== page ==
Although genetic and non-genetic studies in mouse and human implicate the CD40 pathway in rheumatoid arthritis (RA), there are no approved drugs that inhibit CD40 signaling for clinical care in RA or any other disease. Here, we sought to understand the biological consequences of a CD40 risk variant in RA discovered by a previous genome-wide association study (GWAS) and to perform a high-throughput drug screen for modulators of CD40 signaling based on human genetic findings. First, we fine-map the CD40 risk locus in 7,222 seropositive RA patients and 15,870 controls, together with deep sequencing of CD40 coding exons in 500 RA cases and 650 controls, to identify a single SNP that explains the entire signal of association (rs4810485, P?=?1.4×10(-9)). Second, we demonstrate that subjects homozygous for the RA risk allele have ?33% more CD40 on the surface of primary human CD19+ B lymphocytes than subjects homozygous for the non-risk allele (P?=?10(-9)), a finding corroborated by expression quantitative trait loci (eQTL) analysis in peripheral blood mononuclear cells from 1,469 healthy control individuals. Third, we use retroviral shRNA infection to perturb the amount of CD40 on the surface of a human B lymphocyte cell line (BL2) and observe a direct correlation between amount of CD40 protein and phosphorylation of RelA (p65), a subunit of the NF-?B transcription factor. Finally, we develop a high-throughput NF-?B luciferase reporter assay in BL2 cells activated with trimerized CD40 ligand (tCD40L) and conduct an HTS of 1,982 chemical compounds and FDA-approved drugs. After a series of counter-screens and testing in primary human CD19+ B cells, we identify 2 novel chemical inhibitors not previously implicated in inflammation or CD40-mediated NF-?B signaling. Our study demonstrates proof-of-concept that human genetics can be used to guide the development of phenotype-based, high-throughput small-molecule screens to identify potential novel therapies in complex traits such as RA.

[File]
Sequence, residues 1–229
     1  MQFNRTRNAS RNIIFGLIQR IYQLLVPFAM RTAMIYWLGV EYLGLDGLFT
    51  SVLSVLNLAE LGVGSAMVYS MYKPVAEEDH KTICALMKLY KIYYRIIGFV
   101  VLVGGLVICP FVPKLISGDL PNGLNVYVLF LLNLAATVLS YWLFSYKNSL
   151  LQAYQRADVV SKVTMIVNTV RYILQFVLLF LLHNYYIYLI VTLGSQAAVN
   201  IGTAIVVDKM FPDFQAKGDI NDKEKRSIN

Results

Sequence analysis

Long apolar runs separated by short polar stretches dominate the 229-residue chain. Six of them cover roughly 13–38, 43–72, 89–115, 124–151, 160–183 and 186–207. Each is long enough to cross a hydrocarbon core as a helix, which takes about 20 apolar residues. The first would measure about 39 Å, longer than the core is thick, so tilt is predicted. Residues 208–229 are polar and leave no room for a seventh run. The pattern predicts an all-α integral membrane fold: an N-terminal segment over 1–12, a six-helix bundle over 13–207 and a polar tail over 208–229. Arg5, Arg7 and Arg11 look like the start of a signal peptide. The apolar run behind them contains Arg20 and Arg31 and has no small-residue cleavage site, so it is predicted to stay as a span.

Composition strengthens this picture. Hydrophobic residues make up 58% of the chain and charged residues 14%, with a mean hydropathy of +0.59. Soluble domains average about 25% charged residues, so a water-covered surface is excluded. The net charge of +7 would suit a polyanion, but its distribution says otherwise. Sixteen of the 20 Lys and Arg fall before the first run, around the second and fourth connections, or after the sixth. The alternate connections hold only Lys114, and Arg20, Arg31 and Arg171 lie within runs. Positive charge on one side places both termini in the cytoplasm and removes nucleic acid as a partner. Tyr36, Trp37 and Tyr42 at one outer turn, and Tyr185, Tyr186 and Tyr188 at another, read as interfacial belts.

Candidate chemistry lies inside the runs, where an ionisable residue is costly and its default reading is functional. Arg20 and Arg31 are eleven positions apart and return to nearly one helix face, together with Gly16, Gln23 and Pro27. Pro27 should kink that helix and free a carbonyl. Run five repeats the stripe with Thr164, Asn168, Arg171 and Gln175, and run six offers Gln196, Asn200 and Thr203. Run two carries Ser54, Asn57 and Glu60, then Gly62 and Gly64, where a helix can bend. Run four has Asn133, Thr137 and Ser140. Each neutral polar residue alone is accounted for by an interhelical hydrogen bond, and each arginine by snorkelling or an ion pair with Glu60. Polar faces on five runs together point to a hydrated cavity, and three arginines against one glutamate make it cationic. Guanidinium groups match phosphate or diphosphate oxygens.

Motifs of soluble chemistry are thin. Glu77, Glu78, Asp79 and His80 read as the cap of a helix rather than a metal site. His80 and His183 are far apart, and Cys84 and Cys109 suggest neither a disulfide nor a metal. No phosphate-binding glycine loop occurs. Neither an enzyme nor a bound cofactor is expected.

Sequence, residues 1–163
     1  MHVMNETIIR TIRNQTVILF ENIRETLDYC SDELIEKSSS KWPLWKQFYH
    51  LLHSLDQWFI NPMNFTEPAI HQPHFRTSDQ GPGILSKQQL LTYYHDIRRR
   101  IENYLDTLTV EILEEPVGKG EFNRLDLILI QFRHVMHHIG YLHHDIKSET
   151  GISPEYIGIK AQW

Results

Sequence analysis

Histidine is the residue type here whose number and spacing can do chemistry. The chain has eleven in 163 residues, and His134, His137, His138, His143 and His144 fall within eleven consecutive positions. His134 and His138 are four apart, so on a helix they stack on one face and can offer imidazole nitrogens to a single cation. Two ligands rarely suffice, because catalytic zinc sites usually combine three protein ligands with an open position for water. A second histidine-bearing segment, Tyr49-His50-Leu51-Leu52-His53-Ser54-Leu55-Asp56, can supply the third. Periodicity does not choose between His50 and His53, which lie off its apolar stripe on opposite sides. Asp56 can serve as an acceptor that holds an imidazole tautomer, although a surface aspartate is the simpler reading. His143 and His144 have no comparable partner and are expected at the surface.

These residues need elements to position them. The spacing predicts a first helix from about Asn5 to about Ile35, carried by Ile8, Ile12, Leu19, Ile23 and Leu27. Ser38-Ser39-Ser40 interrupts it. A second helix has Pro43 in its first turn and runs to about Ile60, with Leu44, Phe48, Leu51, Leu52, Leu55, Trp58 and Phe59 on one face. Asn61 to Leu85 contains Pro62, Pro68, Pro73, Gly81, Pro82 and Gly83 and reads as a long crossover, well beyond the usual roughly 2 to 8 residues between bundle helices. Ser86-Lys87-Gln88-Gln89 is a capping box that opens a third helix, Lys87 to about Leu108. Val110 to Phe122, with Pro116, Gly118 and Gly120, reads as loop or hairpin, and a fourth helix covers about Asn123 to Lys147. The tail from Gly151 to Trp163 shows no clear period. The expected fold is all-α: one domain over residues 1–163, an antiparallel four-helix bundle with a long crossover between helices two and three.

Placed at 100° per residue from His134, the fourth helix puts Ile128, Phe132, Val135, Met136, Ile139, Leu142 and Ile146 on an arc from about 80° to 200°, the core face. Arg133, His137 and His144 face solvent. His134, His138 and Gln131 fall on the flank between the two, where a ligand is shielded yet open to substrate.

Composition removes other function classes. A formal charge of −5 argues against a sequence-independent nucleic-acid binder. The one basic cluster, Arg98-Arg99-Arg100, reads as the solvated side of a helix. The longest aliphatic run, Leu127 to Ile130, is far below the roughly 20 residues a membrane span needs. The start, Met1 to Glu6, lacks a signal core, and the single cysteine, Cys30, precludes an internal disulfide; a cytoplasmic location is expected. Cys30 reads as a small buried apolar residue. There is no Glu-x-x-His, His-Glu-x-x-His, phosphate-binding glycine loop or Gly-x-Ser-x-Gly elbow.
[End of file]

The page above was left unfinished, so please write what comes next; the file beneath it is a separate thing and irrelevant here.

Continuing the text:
Efforts to develop more effective therapies for acute leukemia may benefit from high-throughput screening systems that reflect the complex physiology of the disease, including leukemia stem cells (LSCs) and supportive interactions with the bone marrow microenvironment. The therapeutic targeting of LSCs is challenging because LSCs are highly similar to normal hematopoietic stem and progenitor cells (HSPCs) and are protected by stromal cells in vivo. We screened 14,718 compounds in a leukemia-stroma co-culture system for inhibition of cobblestone formation, a cellular behavior associated with stem-cell function. Among those compounds that inhibited malignant cells but spared HSPCs was the cholesterol-lowering drug lovastatin. Lovastatin showed anti-LSC activity in vitro and in an in vivo bone marrow transplantation model. Mechanistic studies demonstrated that the effect was on target, via inhibition of HMG-CoA reductase. These results illustrate the power of merging physiologically relevant models with high-throughput screening.